Match an animal with its habitat in an innovative two-books-in-one format.
In this board book’s center, a rectangular cutout acts as a small book within a book, with pages that turn independently of the larger book. Though it’s a stretch to see this as “Two books in one!” as the cover promises (the small book alone is fairly underwhelming), it works well as a matching game, allowing readers to connect the animals to their neighbors in the larger book. Each of the six different habitats has a simply patterned but atmospheric background in a distinctive color, ranging from lightly dappled temperate forest to rich teal waves. It’s easy to match the sandy camel from the small book to its tan-backgrounded, desert-dwelling buddies in the larger book. Predictably organized pages present four clearly labeled side views of animals native to that environment, one per quadrant, with a fifth species to match in the center, inside the small book. Like the no-nonsense format, the lightly detailed animals are equally efficient. Though they lack any spark of life, they are handsome and cleanly silhouetted, with rich, mottled colors and shading that contrasts well with the backgrounds. When the book strays from its tidy organization, such as an owl that flies dynamically out toward readers, it’s a welcome diversion.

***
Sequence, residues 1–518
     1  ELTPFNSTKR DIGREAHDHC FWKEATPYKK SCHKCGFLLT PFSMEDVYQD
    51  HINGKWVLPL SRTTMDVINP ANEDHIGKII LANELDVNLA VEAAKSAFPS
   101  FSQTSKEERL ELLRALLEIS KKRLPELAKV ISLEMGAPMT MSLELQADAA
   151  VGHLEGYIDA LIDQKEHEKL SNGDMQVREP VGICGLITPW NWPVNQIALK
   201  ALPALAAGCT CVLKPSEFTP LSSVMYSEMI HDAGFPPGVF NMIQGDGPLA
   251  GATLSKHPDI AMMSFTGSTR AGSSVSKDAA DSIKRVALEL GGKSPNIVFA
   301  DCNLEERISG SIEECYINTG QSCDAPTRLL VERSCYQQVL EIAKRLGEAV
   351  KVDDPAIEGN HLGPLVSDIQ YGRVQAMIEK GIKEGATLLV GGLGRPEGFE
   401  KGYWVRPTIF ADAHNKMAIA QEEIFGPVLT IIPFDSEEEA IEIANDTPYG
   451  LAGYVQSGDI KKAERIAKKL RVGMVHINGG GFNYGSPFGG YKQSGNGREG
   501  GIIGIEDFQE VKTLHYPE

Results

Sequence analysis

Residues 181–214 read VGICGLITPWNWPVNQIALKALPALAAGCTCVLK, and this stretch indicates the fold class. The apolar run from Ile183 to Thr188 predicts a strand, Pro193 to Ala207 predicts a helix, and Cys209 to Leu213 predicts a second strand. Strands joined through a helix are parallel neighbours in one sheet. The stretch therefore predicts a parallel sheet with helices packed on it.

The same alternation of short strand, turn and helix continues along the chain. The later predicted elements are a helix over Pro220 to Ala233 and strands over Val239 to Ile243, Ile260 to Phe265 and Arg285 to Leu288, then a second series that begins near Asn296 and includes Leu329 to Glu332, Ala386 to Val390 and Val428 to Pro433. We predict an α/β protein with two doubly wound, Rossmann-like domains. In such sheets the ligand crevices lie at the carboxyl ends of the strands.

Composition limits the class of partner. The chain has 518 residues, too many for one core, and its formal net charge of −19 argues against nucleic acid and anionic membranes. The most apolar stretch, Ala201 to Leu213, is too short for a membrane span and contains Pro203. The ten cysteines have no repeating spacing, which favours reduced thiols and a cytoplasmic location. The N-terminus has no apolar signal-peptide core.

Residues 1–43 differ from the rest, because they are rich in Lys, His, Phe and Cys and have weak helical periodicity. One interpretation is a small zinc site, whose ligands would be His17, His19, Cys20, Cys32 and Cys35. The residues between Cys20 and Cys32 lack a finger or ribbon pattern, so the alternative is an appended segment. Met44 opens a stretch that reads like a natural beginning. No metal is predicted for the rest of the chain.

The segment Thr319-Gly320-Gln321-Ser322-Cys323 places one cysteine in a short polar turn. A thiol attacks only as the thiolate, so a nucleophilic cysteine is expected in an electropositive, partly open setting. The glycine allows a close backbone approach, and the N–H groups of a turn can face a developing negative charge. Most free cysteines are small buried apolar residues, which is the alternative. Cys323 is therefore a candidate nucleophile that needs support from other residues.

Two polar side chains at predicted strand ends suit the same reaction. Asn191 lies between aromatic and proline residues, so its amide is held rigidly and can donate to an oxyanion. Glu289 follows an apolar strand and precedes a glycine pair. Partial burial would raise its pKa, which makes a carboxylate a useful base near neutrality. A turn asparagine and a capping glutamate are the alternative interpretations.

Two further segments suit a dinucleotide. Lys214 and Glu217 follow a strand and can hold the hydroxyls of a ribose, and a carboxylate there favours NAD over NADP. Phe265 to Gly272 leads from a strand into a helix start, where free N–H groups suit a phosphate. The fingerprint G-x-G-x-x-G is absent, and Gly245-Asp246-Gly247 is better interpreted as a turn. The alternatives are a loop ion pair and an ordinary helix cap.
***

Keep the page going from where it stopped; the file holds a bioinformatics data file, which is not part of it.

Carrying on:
Though this early nonfiction feels a tad generic, the interactive format is fun. (Board book. 1-3)